Christ here is depicted as Salvator Mundi, or Saviour of the World, with one hand raised in blessing and the other holding a ‘globus cruciger’ or an orb and cross, symbolising the world and Christ’s (the cross) dominion over it. The whole is showing Christ not as a powerful ruler but as the humble saviour, with his two main men at his side.
Which is all well and dandy, and lovely with it, but a church is never about a single image, there is usually more…
A stained glass Lamb of God in the East Window
Like here… marvellously the message of Christ the Saviour at the altar is intensified by this Agnus Dei, or Lamb of God, in the window above it.
“John saw Jesus coming toward him and said, ‘Look, the Lamb of God, who takes away the sin of the world!’”
A powerful symbol stretching way back to before 800 AD, and incorporated in the Roman Latin Mass by Pope Sergius (687–701).
Lamb of God, you take away the sins of the world, have mercy on us.
Lamb of God, you take away the sins of the world, have mercy on us.
Lamb of God, you take away the sins of the world, grant us peace.
Sung just at the breaking of the consecrated bread and the pouring of the Communion wine.
He took this from a Syrian tradition, and some say he did it to troll the Byzantine church who had decided that portraying Christ as an animal was a bit rude. No idea, me, though I would rather hope a pope was above that sort of thing.
So what does the Agnus Dei mean?
Well, the thing with lambs is that they are, to put it bluntly, killed. Those frolicy little bundles of cuddliness end up dead. Just as Christ was killed. By humans.
But Christ defeated death, and the lamb is shown holding the Banner of Resurrection, with a cross clearly shown. And we know it the lamb is Jesus because only Jesus has a halo with three divisions, symbolising the three nails used to nail him to the cross.
And Christ’s death and resurrection is seen as a sacrifice to take away the sins of the world, as in the passage from John and the Latin Mass. This sacrifice saves the world, if you will, which ties directly into the image on the altar back.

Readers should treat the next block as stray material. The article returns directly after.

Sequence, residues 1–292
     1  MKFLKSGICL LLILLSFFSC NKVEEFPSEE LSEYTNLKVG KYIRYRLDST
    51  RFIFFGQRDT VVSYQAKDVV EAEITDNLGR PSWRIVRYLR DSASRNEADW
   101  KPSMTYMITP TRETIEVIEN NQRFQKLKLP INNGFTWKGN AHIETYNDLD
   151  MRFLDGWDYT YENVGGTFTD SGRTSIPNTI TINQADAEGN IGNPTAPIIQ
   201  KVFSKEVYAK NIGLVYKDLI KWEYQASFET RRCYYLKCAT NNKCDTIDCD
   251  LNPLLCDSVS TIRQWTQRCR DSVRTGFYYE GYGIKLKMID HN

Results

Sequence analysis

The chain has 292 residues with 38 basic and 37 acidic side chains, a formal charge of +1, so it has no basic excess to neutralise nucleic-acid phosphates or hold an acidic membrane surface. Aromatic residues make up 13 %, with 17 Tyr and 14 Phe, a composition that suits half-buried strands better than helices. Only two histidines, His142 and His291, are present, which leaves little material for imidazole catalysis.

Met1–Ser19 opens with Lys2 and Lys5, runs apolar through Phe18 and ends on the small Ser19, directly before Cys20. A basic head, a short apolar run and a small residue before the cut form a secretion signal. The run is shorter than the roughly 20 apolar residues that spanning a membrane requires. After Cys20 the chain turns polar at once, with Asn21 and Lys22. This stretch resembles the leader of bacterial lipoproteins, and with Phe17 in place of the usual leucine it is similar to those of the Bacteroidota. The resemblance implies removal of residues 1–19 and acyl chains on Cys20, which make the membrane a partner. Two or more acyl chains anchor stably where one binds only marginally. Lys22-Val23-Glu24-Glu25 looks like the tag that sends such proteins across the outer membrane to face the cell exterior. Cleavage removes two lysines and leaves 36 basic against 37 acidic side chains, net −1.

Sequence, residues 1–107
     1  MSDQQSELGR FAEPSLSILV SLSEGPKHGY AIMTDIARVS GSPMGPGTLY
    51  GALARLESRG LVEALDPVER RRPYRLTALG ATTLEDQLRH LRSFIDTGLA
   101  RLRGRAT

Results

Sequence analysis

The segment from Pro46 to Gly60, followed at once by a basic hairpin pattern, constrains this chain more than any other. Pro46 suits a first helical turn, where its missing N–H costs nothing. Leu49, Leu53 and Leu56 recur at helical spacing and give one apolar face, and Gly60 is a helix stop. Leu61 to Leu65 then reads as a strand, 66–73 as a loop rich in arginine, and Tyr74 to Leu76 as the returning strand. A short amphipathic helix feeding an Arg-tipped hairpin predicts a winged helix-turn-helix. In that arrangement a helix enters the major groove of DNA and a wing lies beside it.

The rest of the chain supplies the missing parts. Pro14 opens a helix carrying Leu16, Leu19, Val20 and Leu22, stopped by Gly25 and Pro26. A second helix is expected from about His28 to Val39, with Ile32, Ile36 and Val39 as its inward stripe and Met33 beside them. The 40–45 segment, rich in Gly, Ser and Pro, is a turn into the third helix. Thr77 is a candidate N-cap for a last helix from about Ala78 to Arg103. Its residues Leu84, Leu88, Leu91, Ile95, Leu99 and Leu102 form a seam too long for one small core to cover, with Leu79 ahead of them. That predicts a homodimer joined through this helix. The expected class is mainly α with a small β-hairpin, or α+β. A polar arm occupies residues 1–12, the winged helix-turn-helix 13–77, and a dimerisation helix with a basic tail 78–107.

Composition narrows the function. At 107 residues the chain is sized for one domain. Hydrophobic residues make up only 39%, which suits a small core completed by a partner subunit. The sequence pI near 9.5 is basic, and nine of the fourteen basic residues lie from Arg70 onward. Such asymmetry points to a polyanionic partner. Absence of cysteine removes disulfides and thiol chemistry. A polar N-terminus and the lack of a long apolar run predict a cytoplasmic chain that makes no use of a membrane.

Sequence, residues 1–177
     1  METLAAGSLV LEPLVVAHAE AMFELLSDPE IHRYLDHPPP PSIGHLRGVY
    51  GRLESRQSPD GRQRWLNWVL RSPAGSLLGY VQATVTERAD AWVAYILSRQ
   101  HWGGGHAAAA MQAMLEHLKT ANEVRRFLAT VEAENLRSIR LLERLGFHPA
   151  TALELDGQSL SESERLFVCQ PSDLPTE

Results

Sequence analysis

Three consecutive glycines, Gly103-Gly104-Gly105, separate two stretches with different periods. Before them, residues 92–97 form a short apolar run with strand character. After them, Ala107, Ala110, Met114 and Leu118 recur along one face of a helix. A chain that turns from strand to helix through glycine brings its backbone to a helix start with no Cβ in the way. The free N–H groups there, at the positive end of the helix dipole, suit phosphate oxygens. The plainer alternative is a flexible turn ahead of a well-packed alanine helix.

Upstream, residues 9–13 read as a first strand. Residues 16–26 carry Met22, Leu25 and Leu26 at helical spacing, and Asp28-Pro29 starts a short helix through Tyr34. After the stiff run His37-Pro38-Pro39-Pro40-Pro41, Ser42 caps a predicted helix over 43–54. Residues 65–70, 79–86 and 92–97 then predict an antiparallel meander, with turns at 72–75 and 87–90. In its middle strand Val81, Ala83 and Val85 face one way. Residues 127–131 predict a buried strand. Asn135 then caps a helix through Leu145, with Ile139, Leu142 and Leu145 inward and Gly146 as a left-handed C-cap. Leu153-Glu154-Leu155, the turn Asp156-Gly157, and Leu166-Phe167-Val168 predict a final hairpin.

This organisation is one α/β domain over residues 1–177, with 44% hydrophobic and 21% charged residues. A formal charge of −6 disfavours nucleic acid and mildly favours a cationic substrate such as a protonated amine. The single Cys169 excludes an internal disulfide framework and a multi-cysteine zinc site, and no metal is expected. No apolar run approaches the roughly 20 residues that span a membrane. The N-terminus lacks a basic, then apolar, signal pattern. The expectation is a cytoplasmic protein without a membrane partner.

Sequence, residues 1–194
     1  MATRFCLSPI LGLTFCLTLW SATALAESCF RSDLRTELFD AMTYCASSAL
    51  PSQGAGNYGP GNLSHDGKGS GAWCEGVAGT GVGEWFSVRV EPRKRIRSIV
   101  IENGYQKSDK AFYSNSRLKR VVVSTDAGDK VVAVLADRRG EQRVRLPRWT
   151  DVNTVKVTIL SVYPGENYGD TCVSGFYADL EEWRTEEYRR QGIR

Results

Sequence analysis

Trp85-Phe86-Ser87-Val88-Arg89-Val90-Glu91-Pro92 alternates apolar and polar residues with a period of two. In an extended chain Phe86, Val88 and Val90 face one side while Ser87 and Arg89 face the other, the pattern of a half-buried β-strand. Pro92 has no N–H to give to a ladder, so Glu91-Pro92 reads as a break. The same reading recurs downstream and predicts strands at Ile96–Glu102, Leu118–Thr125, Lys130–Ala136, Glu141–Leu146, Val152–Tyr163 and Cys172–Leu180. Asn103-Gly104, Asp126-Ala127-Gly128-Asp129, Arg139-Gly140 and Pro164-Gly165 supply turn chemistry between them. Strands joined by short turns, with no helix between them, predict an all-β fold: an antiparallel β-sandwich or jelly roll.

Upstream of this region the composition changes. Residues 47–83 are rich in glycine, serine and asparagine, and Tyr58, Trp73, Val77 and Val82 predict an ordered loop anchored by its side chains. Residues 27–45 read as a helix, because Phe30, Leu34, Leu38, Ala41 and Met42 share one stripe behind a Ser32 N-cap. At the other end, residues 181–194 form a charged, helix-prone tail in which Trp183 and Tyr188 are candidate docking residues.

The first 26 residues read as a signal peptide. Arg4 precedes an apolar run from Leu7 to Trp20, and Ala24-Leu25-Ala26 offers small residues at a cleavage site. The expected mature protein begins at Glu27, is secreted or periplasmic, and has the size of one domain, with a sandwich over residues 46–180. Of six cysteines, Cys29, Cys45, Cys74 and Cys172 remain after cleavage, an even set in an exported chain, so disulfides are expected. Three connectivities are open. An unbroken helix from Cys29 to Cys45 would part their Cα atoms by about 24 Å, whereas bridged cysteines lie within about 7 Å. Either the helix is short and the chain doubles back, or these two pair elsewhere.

Al this underlined by the passage from Revelations:
“Worthy is the Lamb that was slain to receive power and riches, wisdom and strength, honour and glory and blessing.”
And so we have the altar back meaning and the stained glass symbol really giving different takes on the same thing, intensifying that little sacred space when Communion is given.
Now my theology is sloppy, that is true, but the point being that even in a gentle, little church here the use of symbols can bounce of each other to produce a powerful Christian space, and we do not have to be of the faith to appreciate the beauty.
The Victorian piscina
Mind you, while we are chatting about beauty, this is a bobby dazzler.
A Victorian piscina, for rinsing out the Communion vessels after Mass, and the stonework alone is well composed, but ally with that delicate tile work and it becomes another level of prettiness.
The tilework stops the carving from being over-heavy and the stone returns the favour by preventing any hint of tweeness. A favourable result.
A beautiful poppy head in the transept
While in the south transept are these simple elegances, the kind of Victorian poppy head that we can so easily wander past, nothing to write home about, until…
Well, until we pause, breathe deep and take a closer look and fall head over heels in love, a lad or lass that we have never really noticed before but suddenly realise just what a gorgeous person they are and go all wobbly kneed and twirly hearted.
A charm of curves and chamfers, totally underrated, a pure, simple pleasure.
Tiles to sweeten the heart
Have a look at the floor tiles, really quite rare too They have a very workaday beauty, almost industrial, made to stand up to wear and tear and all those feet over the past century and differently wonderful every day.
As if the tiler thought ‘After 150 years they will look right proper’ as the church folk started joining into the creativity.
And is not this true of the beauty of churches? Their art is never static, it is transformed by people, time and climate over years and centuries; it is art that is not only dynamic but almost invisibly so.
Slow art if you will, what we see now is so different from before and what will be, and each step coming with its own glory and its particular remarkable extraordinary.
A gentle church
Even something like the pulpit, copied from the early 1600s but definitely having its own personality, in 300 years will be softer, less distinct but oh my giddy aunt, it is a right bomber now.
So what era does it truly come from? No idea me, because it is ongoing, not only the physical changes but the meanings evolve. When the original of this was carved fruits were known as a symbol of salvations and the promise of plenty to come, not a bad choice for a pulpit. Not a bad choice for a pulpit indeed.
More, it was a devotion to the old artistry, as well as the birth of a new world, the beginning of the twentieth century and a relatively new church.
Well, just magic, for me at least, not only for all that stylishly confident curling and flowing, but for the centuries that it contains too.
In a very gentle way in a very gentle church.